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Sediment toxicity

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Description of key information

Toxic effects on sediment dwelling invertebrates are not expected.	

Key value for chemical safety assessment

Additional information

Octanoic acid (CAS 124-07-2) has a log Kow of 3.05 (HSDB by Hansch et al. 1995) and a log Koc of 2.05 (ChemProp v6.4, Franco, Fu & Trapp model for ionizable substances, estimated from log Kow of 3.05, pKa of 5.3 and pH 7). Thus, the potential to adsorb or bind onto sediment is expected to be low. According to the Guidance on information requirements and chemical safety assessment, R.7b (ECHA, 2017) the equilibrium partitioning method (EPM) can be applied as a first screen to derive the PNEC sediment, in order to conduct a screening risk assessment for the sediment compartment (PEC/PNECsed). As the environmental exposure assessment indicates no risk for the sediment compartment (all Risk Characterisation Ratios (RCR) < 1; please refer to Chapter 9 and 10 of the Chemical Safety Report for detailed information), no risk for the sediment compartment is indicated and further tests are not needed.

In addition, the substance is determined to be readily biodegradable and according to the Guidance on information requirements and chemical safety assessment, Chapter R.7b (ECHA, 2017), readily biodegradable substances can be expected to undergo rapid and ultimate degradation in most environments, including biological Sewage Treatment Plants (STPs). Therefore, this substance has a low potential for persistence and chronic exposure of sediment organisms is unlikely.

Furthermore, as the substance has a high water solubility (680 mg/L at 20 °C) and low potential to adsorb to sediment particles (log Koc of 2.05), the compartment of environmental distribution is water and not sediment. Based on the aquatic toxicity data, Octanoic acid (CAS 124-07-2) is classified as Aquatic Chronic 3 according to CLP. Sediment testing is not relevant for classification purposes and thus no change in classification is triggered by sediment data. Since no high adsorption or binding behavior to sediment particles is expected and the all RCR’s are < 1, no risk for the sediment compartment is indicated and no further testing is considered necessary.

Moreover, fatty acids occur in sediment and soils naturally and are part of physiological pathways. The bioaccumulation potential of Octanoic acid (CAS 124-07-2) is expected to be low i.e. based on log D of 1.34 (pH 7), metabolisation and excretion processes and low BCF values of 225 L/kg after 28 days (OECD 305 E, 1999) from a read-across substance and 83.64 L/kg (EPISuite, BCFBAF, Arnot-Gobas model) based on QSAR. For sediment-dwelling organisms the main uptake route will be ingestion of contaminated sediment. In the case of ingestion, fatty acids are used by sediment organisms as an energy source and for anabolic processes as well. In anabolic processes fatty acid carbon is incorporated into the biological matrix of the organism. The suitability as an energy source was demonstrated by the ready biodegradability of the substance, which is used from microorganisms as energy source by degrading the substance to carbon dioxide. Therefore, fatty acids are generally not considered to be harmful either to sediment organisms. Hence, in case of exposure to sediment, the substance is expected to rapidly dissipate either by degradation or by integration into the organism matrix. Therefore sediment is not expected to be a compartment of concern and the risk to sediment organisms is negligible.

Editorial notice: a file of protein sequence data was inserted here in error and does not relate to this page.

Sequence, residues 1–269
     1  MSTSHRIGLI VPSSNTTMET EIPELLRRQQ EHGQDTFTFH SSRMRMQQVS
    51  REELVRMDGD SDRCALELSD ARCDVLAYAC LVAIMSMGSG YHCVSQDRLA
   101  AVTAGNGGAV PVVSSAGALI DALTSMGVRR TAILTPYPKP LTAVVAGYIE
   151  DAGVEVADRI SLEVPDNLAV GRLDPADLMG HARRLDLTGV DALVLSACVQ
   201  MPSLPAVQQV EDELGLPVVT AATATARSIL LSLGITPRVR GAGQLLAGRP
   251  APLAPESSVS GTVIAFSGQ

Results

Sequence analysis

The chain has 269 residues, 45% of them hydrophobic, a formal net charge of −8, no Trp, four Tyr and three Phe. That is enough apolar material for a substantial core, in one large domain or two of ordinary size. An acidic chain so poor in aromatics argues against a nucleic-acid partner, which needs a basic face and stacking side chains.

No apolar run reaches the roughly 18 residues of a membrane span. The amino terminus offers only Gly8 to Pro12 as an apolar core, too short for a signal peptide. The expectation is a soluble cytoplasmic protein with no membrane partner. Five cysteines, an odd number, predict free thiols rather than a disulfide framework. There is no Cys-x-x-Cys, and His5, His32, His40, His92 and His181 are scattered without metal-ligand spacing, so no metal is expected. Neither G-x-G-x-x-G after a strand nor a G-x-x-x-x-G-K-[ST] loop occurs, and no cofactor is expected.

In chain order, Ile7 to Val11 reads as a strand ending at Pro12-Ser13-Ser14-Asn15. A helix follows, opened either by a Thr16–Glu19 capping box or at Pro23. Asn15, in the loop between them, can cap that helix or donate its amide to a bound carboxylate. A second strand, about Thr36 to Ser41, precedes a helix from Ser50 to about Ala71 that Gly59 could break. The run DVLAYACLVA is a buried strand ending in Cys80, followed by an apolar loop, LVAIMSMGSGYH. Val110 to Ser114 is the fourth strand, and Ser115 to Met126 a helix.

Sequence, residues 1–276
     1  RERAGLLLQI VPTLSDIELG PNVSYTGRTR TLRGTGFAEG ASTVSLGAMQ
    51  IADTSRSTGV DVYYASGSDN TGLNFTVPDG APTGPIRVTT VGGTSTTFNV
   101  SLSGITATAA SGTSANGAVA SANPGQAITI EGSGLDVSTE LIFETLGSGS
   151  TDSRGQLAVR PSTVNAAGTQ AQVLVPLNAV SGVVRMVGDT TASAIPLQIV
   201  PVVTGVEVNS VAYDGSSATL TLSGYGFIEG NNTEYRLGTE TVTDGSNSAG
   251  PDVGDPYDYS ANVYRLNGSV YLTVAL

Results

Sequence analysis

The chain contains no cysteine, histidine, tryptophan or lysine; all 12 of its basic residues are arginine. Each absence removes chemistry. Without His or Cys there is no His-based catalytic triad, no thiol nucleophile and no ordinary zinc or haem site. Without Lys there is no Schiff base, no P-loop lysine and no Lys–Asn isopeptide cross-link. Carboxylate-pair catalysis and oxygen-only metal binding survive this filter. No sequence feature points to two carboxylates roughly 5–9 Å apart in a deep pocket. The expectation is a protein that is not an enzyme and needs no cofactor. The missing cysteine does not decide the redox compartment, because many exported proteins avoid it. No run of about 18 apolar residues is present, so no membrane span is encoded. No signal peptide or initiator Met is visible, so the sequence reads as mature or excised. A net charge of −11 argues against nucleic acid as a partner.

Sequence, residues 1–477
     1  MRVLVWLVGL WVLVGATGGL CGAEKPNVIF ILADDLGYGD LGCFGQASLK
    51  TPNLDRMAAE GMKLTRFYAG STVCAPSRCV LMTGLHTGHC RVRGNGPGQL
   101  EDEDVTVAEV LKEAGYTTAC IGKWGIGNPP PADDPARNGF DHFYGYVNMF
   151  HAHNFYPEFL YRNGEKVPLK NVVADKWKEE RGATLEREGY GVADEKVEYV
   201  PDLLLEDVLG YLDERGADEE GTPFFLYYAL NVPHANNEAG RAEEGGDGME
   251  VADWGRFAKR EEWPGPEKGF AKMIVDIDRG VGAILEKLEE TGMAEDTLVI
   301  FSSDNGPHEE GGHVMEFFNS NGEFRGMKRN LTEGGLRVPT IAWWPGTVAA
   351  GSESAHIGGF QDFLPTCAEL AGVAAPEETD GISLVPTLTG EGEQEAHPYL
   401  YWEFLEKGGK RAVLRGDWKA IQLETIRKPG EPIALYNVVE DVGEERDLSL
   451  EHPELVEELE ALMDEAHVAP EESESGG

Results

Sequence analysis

Based on the low adsorption potential, a RCR < 1, water as compartment of environmental distribution, the use of fatty acids as energy source, low bioaccumulation potential and low potential for persistence, it can be concluded that Octanoic acid (CAS 124-07-2) is not expected to be harmful to sediment organisms.